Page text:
Things That Can’t Be Described Head-On: On the Odd But Real Hotness of Robinson’s LILA

One of the many things I do when I’m not posting on this blog is c0-managing the Marilynne Robinson Appreciation Society tumblr. This morning, while I waited out a household-plumbing emergency, I posted a link to Michelle Orange’s review of Lila for Bookforum. I had some reactions to her comments on Robinson’s handling of sex that were too big to fit there (no double-entendre entended), so I put them here. Orange writes:

Desire. A bold word, perhaps, in Gilead, a world of worry, reverie, and exquisitely fraught interactions. … “Somebody,” I said, midway through Lila, turning, wide-eyed, to the man with whom I had spent an otherwise chaste week in a primly Christian maritime village, reading Robinson’s novels in quick succession, “needs to fuck somebody.” Instead, Ames and Lila ‘comfort’ each other, in two sentences that form Lila and its predecessors’ almost impossibly discreet reckoning with sexuality …

This struck me a) because that sounds like a rough vacation, even with the good reading material; but also b) because Lila is actually one of the hotter novels I’ve read recently—certainly far more so than most of the novels I’ve read that had as their explicit purpose being hot. When it comes to literature (other media are a different matter), I’m not necessarily put off by the label “pornography,” if a book is smart and well written—after all, that label has been applied to the works of Apuleius, Boccaccio, and Nabokov in their time. But such books rarely strike me as having, deep down, much of anything to do with sex at all. Certainly the canonical works of literary pornography—I’m thinking here of de Sade, Apollinaire, Battaille, and other French people they make you read in grad school—are concerned largely with rape, enslavement, kidnapping, savage beatings, abuse of children and animals, or, in the case of Sade, mass murder: acts that are nonconsensual and thus—if we take the commonsense position that sex is the ultimate collaborative act between and among persons—are not about sex at all. (Notice I say “between persons.” This is not a conservative website.) They’re about cruelty, about proving your importance by exploiting the vulnerabilities of another being; no wonder if they take aim at the place where we’re all most sensitive. Of course loveless, self-aggrandizing power would aim ultimately at the effacement of the very borders between its body and mine; that kind of power can’t tolerate otherness. Sex, on the other hand, absolutely requires it.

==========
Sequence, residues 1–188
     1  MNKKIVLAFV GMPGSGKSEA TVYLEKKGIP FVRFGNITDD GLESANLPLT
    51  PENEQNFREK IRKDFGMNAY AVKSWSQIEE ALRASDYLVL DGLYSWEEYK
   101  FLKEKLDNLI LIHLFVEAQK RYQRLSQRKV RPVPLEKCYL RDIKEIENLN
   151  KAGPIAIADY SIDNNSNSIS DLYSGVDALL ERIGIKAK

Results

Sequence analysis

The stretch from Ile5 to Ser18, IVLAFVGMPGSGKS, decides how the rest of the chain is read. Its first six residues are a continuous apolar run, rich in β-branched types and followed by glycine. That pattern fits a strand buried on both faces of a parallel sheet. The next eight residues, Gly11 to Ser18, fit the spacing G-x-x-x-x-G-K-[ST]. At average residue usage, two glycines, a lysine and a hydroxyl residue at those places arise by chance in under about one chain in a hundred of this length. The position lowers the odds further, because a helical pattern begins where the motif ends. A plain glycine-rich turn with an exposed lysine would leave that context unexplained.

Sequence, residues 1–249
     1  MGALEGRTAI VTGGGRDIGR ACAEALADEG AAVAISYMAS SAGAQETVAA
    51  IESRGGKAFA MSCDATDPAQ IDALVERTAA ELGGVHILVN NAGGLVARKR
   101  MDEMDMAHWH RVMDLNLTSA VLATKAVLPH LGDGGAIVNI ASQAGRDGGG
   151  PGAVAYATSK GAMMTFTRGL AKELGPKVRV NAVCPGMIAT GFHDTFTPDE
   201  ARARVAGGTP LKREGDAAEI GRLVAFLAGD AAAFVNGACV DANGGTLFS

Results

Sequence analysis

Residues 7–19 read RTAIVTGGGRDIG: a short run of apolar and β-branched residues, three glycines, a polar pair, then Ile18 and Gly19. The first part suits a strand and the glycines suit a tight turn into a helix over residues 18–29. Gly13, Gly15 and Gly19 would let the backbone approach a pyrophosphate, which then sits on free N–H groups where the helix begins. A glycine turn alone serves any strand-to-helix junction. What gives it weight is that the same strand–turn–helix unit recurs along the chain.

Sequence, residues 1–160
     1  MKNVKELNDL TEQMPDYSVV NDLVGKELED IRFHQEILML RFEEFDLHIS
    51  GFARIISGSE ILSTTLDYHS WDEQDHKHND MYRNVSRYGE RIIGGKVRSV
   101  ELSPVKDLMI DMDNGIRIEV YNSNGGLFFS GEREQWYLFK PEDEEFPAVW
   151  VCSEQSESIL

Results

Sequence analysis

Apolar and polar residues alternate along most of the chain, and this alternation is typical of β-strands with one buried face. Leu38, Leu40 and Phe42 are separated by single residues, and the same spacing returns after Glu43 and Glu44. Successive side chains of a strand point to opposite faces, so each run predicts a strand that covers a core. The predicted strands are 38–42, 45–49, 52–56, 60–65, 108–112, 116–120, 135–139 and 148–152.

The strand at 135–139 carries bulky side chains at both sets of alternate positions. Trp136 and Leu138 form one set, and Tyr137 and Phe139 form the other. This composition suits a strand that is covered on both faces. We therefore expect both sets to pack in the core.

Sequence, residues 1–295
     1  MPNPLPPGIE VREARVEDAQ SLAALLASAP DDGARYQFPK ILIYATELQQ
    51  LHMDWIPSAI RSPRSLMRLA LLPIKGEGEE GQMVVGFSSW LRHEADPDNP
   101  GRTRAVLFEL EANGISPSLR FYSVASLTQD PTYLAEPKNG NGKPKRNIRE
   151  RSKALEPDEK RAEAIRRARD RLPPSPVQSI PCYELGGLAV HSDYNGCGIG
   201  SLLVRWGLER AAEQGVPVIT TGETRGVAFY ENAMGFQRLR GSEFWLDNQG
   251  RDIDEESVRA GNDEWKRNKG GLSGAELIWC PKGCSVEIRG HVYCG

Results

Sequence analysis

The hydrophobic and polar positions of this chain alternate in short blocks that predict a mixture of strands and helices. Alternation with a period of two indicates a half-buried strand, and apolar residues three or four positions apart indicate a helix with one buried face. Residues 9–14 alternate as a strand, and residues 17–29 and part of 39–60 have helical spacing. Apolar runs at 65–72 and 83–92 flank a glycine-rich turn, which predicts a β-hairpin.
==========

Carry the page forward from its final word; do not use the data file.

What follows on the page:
Then there’s D.H. Lawrence, a supposedly erotic writer whose sex scenes are actually sermons about the Life Force. Or there’s Kathy Acker, whose pornographic passages are, like all the other parts of her books, really about her theories about writing and plagiarism and whatnot, which I happen to find a rather turgid subject.

In fact, the more I think about it, the harder it is for me to name a book explicitly concerned with sex that makes me want to go have any. I love the novels of Samuel R. Delany, for example, and a book like Phallos, or the sex scenes in the Neveryon sequence, are fascinating to me for their erudite essayistic meditations on sex, power, civilization, etc., but being intellectually engaged is, again, not the same thing as being turned on. (It’s a necessary condition, in my case, but not a sufficient one.) Here it may just be that Delany largely describes male-on-male couplings and I happen to be heterosexual. Either way, scratch him off the list. I’d seriously worry about myself if I got turned on reading Nabokov. Alasdair Grey is another excellent writer who plays with the tropes of pornography, but he’s anti-pornographic, at least to me, in his effects. A novel like 1982, Janine is moving precisely because it shows us a guy reading the kind of misogynist power-tripping porn described above, and then takes us through his entire sad life to show us how he became such an asshole. It’s about politics, about feminism, about personal history, about bullying and what it covers up for, but it’s not about sex.

Just once, leafing through a Dodie Bellamy novel, I ran across a description of women’s genitalia that was so lovingly accurate in its similes as to be worthy of its subject. It was hot. And that’s honestly about it for avowedly sexy books that actually managed to be, for me, sexy. But Lila, with its infinitely gentle, discreet references: that was just as hot.

Tentative suggestion: Sex would appear to be one of those subjects where evoking the thing and describing the thing are not merely distinct, but, at least a lot of the time, opposed.

And this brings me back to Michelle Orange’s review:

The murky status of Lila’s soul marks her with God’s grace, a sign most evident in her face, which she covers habitually. Ames marvels at the human face, especially Lila’s, “the singularity of it, the courage and loneliness of it.” Lila finds horror in that same idea: “[A face] can be something you want to hide, because it pretty well shows where you’ve been and what you can expect. And anybody at all can see it, but you can’t. It just floats there in front of you. It might as well be your soul, for all you can do to protect it. 

Our faces: the more we inhabit them, the less we feel we know them. If you describe my face to me, I’ll only picture a bunch of pieces that don’t add up. Having read the entire Iowa trilogy, I can’t recall one description of Lila’s face, and yet I know exactly what she looks like. Sex is not the only subject that needs to be approached sidelong.

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